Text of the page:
My husband is a funny guy. On a regular basis, he says things that make me snort. For instance, this morning, I said, “I can’t wait to build my Girl Power Station and help parents be less harried.” He queried, “Less hairy? What, are we gonna’ have electrolysis stations?” I said, “Less HARRIED, dork!” He said, “Okay, we can do that, too.” It reminded me of why I married him. His default emotion is laughter, and he wields it like a weapon against my default emotion of anxiety. Laughter is the glue that binds us.
Laughter connects us all, as humans. If you focus on laughter, everything else will turn out okay. You can laugh at cancer and fear and heartache; I’ve done it, and it helps. The old saying, “Misery loves company” can become “Misery could use a little giggle.” Laughter makes a happy home, and a happy home makes happy kids. You can’t buy laughter like you can’t buy love, because there is an internal opening that needs to occur in both. You must open your heart and be vulnerable for true mirth or true love to blossom. That’s why the snark-fest that exists in social media today doesn’t feel really funny to me.
Sure, you can guffaw at someone else’s expense, because it catches you off guard, like gawking at an auto accident. It takes you by surprise, so you react. That’s human. I get it. But when you continually seek out this dark, snarky humor, don’t you feel a little less human? Doesn’t it feel like you need to take a shower afterwards? I’ve been watching “The Newsroom” on HBO go, and, like Will McAvoy, I’m on a mission to civilize.
I love this show, because it’s so well written that it makes me want to craft words just as elegantly. It makes me want to be a better writer, help more people, and be a better human. What if we use that as criteria for parenting? I will expose myself and my children to things that make us better human beings. I will seek out civility, humor and the vulnerability that allows me to giggle with my kids, without worrying about what other people will think. When we are laughing, we are connected. Teaching that connection, that love of community and civility, is the cornerstone of my parenting plan.
If I can raise good citizens who are kind, funny and responsible for their words and actions, then I’ve done my job as a parent. How do I manage that? Here’s a few tips:
1. Cultivate Kindness and Respect by Treating Your Kids with Respect: In the south we say “Yes, ma’am” and “No, sir”. In my house, we say that to everyone from the trash collector to the bank manager. I say “yes ma’am” to my kids as well (sidebar: I apologize in print for saying “yes, ma’am” to my ever patient husband for the eleventy-ninth time, as he’s the only male in our house), because respect is a family value for us. Show the respect you want from your kids by respecting them first. All it takes is a little humility and willingness to be vulnerable.
2. Be Humble: Humility is a practice in connection. Recognize that everyone puts their pants on one leg at a time. Everyone goes to the dentist. Everyone wears a paper gown at the doctor’s office. Just because you’re older and bigger than your kids, or more powerful than your subordinates, doesn’t mean that you can lord it over them. That’s bully behavior. If you use it with your kids, they will use it with other kids. Bullying stops with humility and an awareness that we are all in this together. Foster connection by being humble, and respect will follow automatically.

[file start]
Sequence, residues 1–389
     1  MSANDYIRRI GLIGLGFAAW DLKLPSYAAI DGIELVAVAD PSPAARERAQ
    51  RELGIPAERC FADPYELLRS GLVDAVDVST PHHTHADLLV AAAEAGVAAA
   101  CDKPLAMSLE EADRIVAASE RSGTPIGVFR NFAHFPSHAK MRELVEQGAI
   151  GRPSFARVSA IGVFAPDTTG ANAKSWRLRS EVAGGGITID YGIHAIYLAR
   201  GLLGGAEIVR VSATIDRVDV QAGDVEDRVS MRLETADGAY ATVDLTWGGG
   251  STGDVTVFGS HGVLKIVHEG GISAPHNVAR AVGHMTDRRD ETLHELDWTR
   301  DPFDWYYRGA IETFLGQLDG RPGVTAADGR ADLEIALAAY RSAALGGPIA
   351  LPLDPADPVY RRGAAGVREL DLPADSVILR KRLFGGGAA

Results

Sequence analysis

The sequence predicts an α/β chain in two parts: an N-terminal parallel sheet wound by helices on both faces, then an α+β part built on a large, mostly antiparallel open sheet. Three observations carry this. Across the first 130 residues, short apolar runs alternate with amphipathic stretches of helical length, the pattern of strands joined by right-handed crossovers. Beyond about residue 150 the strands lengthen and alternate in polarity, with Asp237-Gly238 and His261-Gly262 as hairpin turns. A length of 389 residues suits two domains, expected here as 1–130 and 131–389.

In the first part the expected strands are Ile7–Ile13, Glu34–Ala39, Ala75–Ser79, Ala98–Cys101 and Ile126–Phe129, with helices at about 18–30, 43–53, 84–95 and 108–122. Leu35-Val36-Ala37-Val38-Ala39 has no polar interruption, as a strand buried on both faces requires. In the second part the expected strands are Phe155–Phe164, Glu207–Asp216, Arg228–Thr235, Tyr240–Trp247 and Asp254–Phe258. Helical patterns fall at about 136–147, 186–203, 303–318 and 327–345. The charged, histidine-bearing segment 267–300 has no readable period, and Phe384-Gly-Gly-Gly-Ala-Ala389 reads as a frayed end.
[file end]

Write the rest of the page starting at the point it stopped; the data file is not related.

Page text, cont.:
3. Practice Connection: The more ways you can connect with other humans, the better your life will be. Our human experience is predicated upon living peacefully with others. The more distance we curry by pretending that we are better than someone, because we have more money, thinner thighs, or a higher IQ, the more distance we create. That distance leads to inhumane behavior from tabloid tell-alls of inherently private experiences to genocide. It all starts with a devaluation of another person. When we cut off our kids or treat them as inferior, it’s step one in disconnection. When you’re frustrated, take a moment and ask yourself, “In this moment, how can I connect?” The answer will involve seeing value in a loving connection instead of a bottom line or a TODO list. Make the effort. It’s worth it.
Connection is a powerful tool in parenting. If you’re connected to your kids, your parenting life is much easier, and discipline becomes a conversation instead of a fight. If you focus on getting your kids to respect you and do what you want at all costs, you will foster distance between you and your children. When you focus on developing connection, mutual respect is an organic by-product. Laughter is one of the easiest ways to establish connection with your kids. If you can make your kids laugh, you’re connected to them on a level that bypasses their inherent need to establish independence. It puts you both on the same team, striving for the same goals and supported by the same values. If you don’t believe me, try it! Let yourself be drawn into the inherent hilarity of life, and then share it with your kids. Then tell me how it goes in the comments below.
PS Our March FREE worried mamas live coaching call is on the books! March 18, 2015 at 12pm CT. You know it’ll be a great one when it’s titled, “How to Raise a Teenager without wanting a Margarita at 10am” … All the details are here.